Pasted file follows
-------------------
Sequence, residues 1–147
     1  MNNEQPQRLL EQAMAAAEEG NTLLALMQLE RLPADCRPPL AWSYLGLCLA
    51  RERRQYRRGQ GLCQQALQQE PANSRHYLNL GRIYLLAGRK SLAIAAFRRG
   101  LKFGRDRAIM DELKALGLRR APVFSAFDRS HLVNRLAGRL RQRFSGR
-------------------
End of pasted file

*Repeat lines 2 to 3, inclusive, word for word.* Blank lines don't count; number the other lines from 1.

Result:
     1  MNNEQPQRLL EQAMAAAEEG NTLLALMQLE RLPADCRPPL AWSYLGLCLA
    51  RERRQYRRGQ GLCQQALQQE PANSRHYLNL GRIYLLAGRK SLAIAAFRRG